Saturday's result could set tone for the rest of the season for Spartans, Wolverines


EAST LANSING, MICH. — During the early moments of Mark Dantonio’s news conference Tuesday, the rhetoric appeared to be absent.

The sixth-year Michigan State football coach discussed last weekend’s loss to Iowa, the importance of winning Legends Division games, and the respect he has for Michigan coach Brady Hoke.

Dantonio anticipated the queries about Saturday’s game at Michigan, and said this: "I'll just take questions today, since this is one of my favorite days of the year. Go ahead. I’ll try and do my best.”

He broke into a wry smile at the end of that statement, which elicited a chuckle from the media gathered in East Lansing. Dantonio later admitted that his statement came with a facetious tone, yet he didn’t provide much in the way of zippy sound bites.

Still, it’s no secret that Dantonio relishes the Michigan-Michigan State football rivalry.

A day after Hoke discussed Saturday’s Michigan-Michigan State game and the historic rivalry in businesslike terms, Dantonio took a more spirited approach to one of the highest-profile games on each team’s schedule.

“It’s a great challenge, but you’ve got to have fun with it,” Dantonio said. “You have to remember this for the rest of your life.

“Other games may fade away, but games you play on a historic basis or a yearly basis, you tend to remember those for the rest of your life.”

Hoke didn’t necessarily downplay the rivalry earlier this week, but acknowledged its gravity, both internally and externally.

“I think it’s important because we’re trying to get our fifth win,” Hoke said Monday. “We’re trying to get a conference championship, just like everyone else. That’s important. You know there’s a pretty direct line drawn in the sand about if you’re University of Michigan or Michigan State. You understand. And for being here eight years before [as an assistant coach], you understand the game itself and what goes into it.”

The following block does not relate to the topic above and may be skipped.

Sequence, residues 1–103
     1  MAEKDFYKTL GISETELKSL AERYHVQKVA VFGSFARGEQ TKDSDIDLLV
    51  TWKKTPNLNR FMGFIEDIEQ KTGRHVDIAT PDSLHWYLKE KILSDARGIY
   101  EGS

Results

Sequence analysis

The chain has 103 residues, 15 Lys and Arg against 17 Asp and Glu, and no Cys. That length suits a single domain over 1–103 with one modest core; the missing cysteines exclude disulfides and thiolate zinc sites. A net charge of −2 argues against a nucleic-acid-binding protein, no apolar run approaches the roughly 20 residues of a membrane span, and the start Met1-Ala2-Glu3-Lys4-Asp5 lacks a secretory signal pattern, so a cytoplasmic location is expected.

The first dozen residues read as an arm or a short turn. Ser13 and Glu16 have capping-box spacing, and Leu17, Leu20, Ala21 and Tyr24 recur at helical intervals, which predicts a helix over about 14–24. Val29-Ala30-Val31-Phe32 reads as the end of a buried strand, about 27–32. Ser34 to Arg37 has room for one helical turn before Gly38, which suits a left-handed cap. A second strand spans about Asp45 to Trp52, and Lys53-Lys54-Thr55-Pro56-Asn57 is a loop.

Dantonio didn’t shy away from the hype of the rivalry, either, noting that it’s even pervaded recruiting.

“I do think you are green or you are blue in this state by the time you probably get to age 14,” Dantonio said. “Maybe 10. Some may argue earlier. So I think recruiting has become accelerated. Guys are making their choices earlier, so it’s a hard swing when you do get involved with that player, one way or another.

“That’s just the way it goes in a state like this, when you have such a passionate following on both sides of the fence.”

While Michigan State (4-3, 1-2 Big Ten) has won its last four games against the No. 23 Wolverines (4-2, 2-0), this weekend’s matchup comes with a certain sense of heightened security.

Like he did three weeks ago before a 17-16 loss to Ohio State, Dantonio did not make his players available to the media on Tuesday, and said he would not disclose injuries this week.

Adding to that? The Spartans have lost two of their last three games, including a 19-16 double-overtime loss to Iowa last Saturday.

“It’s about get yourself together, people in our room, people on our football team, the coaches just sort of sequestering everybody and getting ourselves ready to go.

“Anything that can bring your football team closer, I think, benefits you in the end.”

The Spartans regard Saturday’s matchup not just as a rivalry game, but as one that could set the tone for the second half of the season.

“I think it can be a defining moment for us,” Dantonio said. “I think it can be a rallying point or a moment where we can start going in the other direction. But I think any football game, I think this last football game could have been this moment as well.”

But, Dantonio added, “you have got to deal in the present. You can’t look in the past. You’ve got to prepare for the future and that’s what we’re going to do.”

Contact Rachel Lenzi at:, 419-724-6510 or on Twitter @RLenziBlade.